Andrew, born 2004
Andrew is our third son. We discovered his heart defect during my level II ultrasound that was requested because of my age. I had four fetal echocardiograms and an MRI by the time he was born which confirmed that he had Tetralogy of Fallot with Pulmonary Atresia. The idea behind doing the MRI was to get a better look to see if Andrew had any collateral vessels.
Andrew was born on October 5, 2004 via a normal vaginal delivery. He was given prostaglandin to keep his PDA open and then transferred to Children's Hospital of Philadelphia. When he was three days old, he had surgery to repair the defects of TOF. The surgery was successful and he did end up having some collateral vessels which were coiled.
After surgery, he recovered in the CICU and was on a ventilator and had several lines and tubes going in and out of him. As any other heart parent can attest to, it was a very difficult time. The worst part was not being able to hold Andrew. I would read and sing to him every day and made sure that lullabies were played to him on a portable tape player that we kept near his crib.
After two weeks, his body was having a difficult time clearing excess fluids. His body was blown up like a balloon. A decision was made to do a catheterization where they discovered a very large collateral vessel coming off his aorta that was diverting blood away from his lower body. An initial attempt was made to plug off this vessel but in the process his pulmonary artery was perforated and he bled and went into cardiac arrest. They were able to stabilize him after five minutes of CPR. Thankfully, we have seen no effects of this trauma to date. After the cath, he slowly began to improve but remained in the CICU for a total of six weeks. Four days later, he was discharged on November 22 with oxygen and a NG tube.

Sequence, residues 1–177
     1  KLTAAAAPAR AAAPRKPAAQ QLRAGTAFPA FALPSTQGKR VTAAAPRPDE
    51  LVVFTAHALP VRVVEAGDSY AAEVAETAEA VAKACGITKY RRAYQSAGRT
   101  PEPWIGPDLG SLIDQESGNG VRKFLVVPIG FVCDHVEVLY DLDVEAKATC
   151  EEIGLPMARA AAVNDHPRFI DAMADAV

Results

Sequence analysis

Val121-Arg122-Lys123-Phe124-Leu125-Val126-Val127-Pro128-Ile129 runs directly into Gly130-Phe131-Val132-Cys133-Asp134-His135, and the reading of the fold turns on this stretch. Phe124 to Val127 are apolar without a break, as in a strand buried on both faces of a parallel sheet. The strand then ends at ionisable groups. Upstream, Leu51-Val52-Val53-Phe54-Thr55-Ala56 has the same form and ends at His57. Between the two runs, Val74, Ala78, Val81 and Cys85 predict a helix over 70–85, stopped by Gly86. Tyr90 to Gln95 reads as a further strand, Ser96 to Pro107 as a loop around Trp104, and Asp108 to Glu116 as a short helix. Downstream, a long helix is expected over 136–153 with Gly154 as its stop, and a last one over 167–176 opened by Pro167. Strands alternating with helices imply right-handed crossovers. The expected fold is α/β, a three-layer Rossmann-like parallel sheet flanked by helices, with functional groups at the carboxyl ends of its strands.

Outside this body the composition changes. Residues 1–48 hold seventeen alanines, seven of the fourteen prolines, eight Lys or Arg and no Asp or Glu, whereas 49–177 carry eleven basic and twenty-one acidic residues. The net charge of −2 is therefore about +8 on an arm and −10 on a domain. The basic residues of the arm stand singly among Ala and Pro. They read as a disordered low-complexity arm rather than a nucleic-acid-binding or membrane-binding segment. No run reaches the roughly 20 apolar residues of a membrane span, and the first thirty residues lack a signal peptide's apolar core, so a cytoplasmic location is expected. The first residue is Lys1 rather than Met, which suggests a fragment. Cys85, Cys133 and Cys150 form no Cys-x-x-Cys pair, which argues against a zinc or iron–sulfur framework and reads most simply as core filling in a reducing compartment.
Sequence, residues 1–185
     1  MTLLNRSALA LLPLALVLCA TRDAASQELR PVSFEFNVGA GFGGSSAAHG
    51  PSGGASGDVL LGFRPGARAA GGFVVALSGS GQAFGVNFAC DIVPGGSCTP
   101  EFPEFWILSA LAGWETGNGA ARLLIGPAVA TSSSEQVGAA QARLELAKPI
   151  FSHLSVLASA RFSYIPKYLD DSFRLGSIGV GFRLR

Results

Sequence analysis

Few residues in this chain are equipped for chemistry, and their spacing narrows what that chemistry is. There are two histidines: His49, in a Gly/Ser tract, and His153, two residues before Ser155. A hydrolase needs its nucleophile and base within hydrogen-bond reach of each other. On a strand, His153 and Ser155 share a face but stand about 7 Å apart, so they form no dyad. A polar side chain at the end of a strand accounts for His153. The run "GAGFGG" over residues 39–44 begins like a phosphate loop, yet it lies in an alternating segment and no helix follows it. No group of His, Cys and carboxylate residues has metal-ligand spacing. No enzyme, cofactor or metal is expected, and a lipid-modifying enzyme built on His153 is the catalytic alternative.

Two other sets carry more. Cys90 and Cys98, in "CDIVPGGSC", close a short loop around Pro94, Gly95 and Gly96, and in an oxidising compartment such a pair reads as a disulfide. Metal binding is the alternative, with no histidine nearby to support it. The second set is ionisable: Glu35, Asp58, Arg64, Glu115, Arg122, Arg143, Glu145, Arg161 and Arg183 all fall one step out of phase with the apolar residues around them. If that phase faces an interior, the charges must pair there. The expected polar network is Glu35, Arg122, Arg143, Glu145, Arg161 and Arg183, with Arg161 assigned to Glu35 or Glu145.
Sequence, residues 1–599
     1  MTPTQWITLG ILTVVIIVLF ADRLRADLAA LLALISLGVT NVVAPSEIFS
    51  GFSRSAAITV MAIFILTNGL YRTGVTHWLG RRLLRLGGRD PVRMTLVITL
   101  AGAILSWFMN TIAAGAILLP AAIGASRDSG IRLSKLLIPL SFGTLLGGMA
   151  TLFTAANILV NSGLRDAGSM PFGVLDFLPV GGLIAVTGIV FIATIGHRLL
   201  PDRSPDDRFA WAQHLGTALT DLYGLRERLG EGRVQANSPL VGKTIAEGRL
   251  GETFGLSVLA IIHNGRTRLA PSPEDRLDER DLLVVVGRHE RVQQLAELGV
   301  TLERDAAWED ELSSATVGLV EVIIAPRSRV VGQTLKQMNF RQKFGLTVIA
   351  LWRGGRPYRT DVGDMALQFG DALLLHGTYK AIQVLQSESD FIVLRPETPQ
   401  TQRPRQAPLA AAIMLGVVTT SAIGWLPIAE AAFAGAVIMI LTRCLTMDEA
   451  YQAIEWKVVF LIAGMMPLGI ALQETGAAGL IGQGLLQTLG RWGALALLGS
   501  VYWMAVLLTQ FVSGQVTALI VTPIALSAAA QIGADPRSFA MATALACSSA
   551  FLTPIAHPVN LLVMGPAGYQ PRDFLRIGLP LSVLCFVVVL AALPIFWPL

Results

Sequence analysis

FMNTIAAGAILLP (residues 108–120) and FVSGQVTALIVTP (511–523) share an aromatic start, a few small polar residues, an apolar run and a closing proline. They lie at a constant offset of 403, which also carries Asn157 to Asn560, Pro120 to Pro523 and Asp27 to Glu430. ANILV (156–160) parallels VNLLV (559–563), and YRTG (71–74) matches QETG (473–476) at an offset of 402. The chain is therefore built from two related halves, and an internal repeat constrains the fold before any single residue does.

For the next five months, Andrew remained on the NG tube and oxygen and had moderate reflux. We began working with physical and occupation therapy to help him with his motor and eating skills. Andrew's turning point was when he had a catherization on April 22, 2005. He had a stent placed in his left pulmonary artery. Following the procedure he was able to get off the oxygen and his sats have remained in the upper nineties ever since. Shortly after this, he began drinking from the bottle and no longer needed tube feeding. He's still in the 10% percentile for weight, so we're hoping for some catch up weight soon.
Story by Andrew's mom, Kimberly - Pennsylvania